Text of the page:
Brick, an alcoholic ex-football player, drinks his days away and resists the affections of his wife, Maggie. His reunion with his father, Big Daddy, who is dying of cancer, jogs a host of memories and revelations for both father and son.
The only son of wealthy widow Violet Venable dies while on vacation with his cousin Catherine. What the girl saw was so horrible that she went insane; now Mrs. Venable wants Catherine lobotomized to cover up the truth.
Joseph L. Mankiewicz
Drifter Chance Wayne returns to his hometown after many years of trying to make it in the movies. Arriving with him is a faded film star he picked up along the way, Alexandra Del Lago. ... See full summary »
Honest and hard-working Texas rancher Homer Bannon has a conflict with his unscrupulous, selfish, arrogant and egotistical son Hud, who sank into alcoholism after accidentally killing his brother in a car crash.
The family of "Big Daddy" Pollitt convenes at his and Big Momma's vast 28,000 acre East Mississippi plantation for his sixty-fifth birthday, although it may as well be for his funeral on the belief that he is dying. Despite his latest medical report being clean, in reality he truly does have terminal colon cancer, something the doctor only tells Big Daddy's two sons, Gooper Pollitt, a lawyer, and Brick Pollitt, who recently left his job as a sportscaster. Brooding Brick and his wife Maggie Pollitt, who have driven up from New Orleans for the occasion, are going through a long rough patch in their marriage. Brick wanted to split, but Maggie convinced him to stay married on the condition that she not pressure him for sex. In their troubles, Brick has turned to the bottle, leading to a drunken incident which has left Brick currently on crutches. Maggie believes Gooper and his wife Mae Pollitt are trying to orchestrate Brick out of Big Daddy's will. Brick and Maggie's saving grace is Big ...Written by
Much has been made of the differences between Tennessee Williams' play and this film--the homoerotic themes have been driven further into subtext (though not eliminated entirely) and a more upbeat ending was added. The changes were necessary when the film was made; although theater and literary purists decry the "sanitizing" or censorship of plays when they are adapted for the screen, in some cases (such as this one) the changes can improve the work in question. "Cat" on film is clearer, for one thing. Tennessee Williams plays tend to be "cluttered" in their original form. They are also cynically downbeat; if that type of story appeals to one, this adaptation might be off-putting.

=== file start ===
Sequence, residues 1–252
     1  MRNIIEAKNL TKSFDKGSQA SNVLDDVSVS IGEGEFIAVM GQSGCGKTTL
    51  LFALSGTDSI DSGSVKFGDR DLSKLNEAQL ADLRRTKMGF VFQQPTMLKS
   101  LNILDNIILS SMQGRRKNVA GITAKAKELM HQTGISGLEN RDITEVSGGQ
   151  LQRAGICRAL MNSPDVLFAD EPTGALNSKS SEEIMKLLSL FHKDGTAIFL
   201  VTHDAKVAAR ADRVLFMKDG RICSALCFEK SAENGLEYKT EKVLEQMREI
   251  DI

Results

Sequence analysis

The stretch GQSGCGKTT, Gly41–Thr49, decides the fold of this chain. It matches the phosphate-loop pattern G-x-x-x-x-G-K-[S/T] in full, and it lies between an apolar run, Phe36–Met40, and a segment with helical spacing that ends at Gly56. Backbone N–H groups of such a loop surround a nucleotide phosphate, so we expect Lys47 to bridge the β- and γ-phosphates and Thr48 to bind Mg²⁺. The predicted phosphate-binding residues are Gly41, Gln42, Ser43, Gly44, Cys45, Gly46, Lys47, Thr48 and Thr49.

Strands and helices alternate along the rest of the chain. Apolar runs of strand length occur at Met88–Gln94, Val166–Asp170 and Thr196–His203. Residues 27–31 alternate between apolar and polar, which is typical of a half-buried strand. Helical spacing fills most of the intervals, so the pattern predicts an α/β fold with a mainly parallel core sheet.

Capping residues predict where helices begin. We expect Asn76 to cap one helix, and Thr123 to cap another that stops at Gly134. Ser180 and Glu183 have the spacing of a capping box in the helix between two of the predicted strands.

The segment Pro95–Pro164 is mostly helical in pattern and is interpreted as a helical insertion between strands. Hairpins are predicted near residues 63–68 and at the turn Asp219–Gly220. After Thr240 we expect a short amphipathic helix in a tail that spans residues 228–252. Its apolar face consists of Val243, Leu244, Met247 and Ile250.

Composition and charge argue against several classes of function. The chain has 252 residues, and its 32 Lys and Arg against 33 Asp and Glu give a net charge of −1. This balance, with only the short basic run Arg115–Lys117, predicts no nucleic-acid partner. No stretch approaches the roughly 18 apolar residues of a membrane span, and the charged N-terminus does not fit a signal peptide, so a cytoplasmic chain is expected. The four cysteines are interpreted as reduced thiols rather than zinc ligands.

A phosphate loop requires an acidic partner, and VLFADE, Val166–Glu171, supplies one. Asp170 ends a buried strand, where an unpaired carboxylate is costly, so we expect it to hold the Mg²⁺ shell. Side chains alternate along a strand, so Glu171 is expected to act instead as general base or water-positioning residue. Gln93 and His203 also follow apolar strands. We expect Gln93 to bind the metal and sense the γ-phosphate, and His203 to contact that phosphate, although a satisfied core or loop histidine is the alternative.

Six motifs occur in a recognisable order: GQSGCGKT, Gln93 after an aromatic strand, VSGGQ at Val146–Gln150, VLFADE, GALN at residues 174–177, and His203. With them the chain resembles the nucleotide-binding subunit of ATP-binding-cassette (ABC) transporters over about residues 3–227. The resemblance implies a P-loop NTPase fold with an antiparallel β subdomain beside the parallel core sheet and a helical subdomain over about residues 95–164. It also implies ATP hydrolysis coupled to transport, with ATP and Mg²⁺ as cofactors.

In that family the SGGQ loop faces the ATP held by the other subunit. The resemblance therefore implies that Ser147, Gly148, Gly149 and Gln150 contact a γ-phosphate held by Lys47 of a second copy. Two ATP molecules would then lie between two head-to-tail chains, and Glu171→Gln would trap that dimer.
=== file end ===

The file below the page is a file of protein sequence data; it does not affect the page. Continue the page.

As with all theatrical adaptations, many of the scenes are excessively talky, especially the Brick/Big Daddy scenes in the second act. Some of the highlights are just as wordy but thoroughly enjoyable rather than tedious (especially Maggie's story about Mae's reign as Cotton Carnival Queen and the entire scene in the basement). All of the performances are excellent, though Paul Newman as Brick is less flashy; it's not really until the basement scene that one feels his talent is given a workout. Elizabeth Taylor is an emotional rollercoaster, venturing from flirtatious to hectoring to wheedling to calm to grasping to tender, often within a single scene, and yet she never slips the rails. Watching films from this period (her career peak), one wonders what happened to turn her into the vague, bleary-eyed woman we see today. Judith Anderson's Big Mama is loud, coarse, and bossy, but completely sympathetic both in the scene with the birthday cake and in the confrontation scene at the end. When Big Daddy invites her along with him at the end, it is every bit as welcome to the viewer as it is to her. Burl Ives is the most towering of all; the emotional growth in the film is as much his as it is Brick's. Jack Carson and Madeleine Sherwood are every bit as good despite being relegated to comic relief at times.
My favorite aspect of this story, however, is the social dynamic. Brick and Maggie are spoiled, young, "beautiful people" who have yet to take on any responsibility, while Gooper and Mae are the epitome of a serious young family. Brick is an alcoholic former football player, while Gooper is a corporate lawyer. Despite these obvious differences, however, both their parents and the audience (and Tennessee Williams, obviously) clearly prefer Brick and Maggie. Every aspect of Gooper and Mae's personalities, even those which bespeak traditional values, are portrayed as petty and unimaginative. Even if one believes that Gooper and Mae have done all the right things, they have done them for the wrong reasons. Thus the theme of the story is most clearly presented: all that is important is to love and to express that love.
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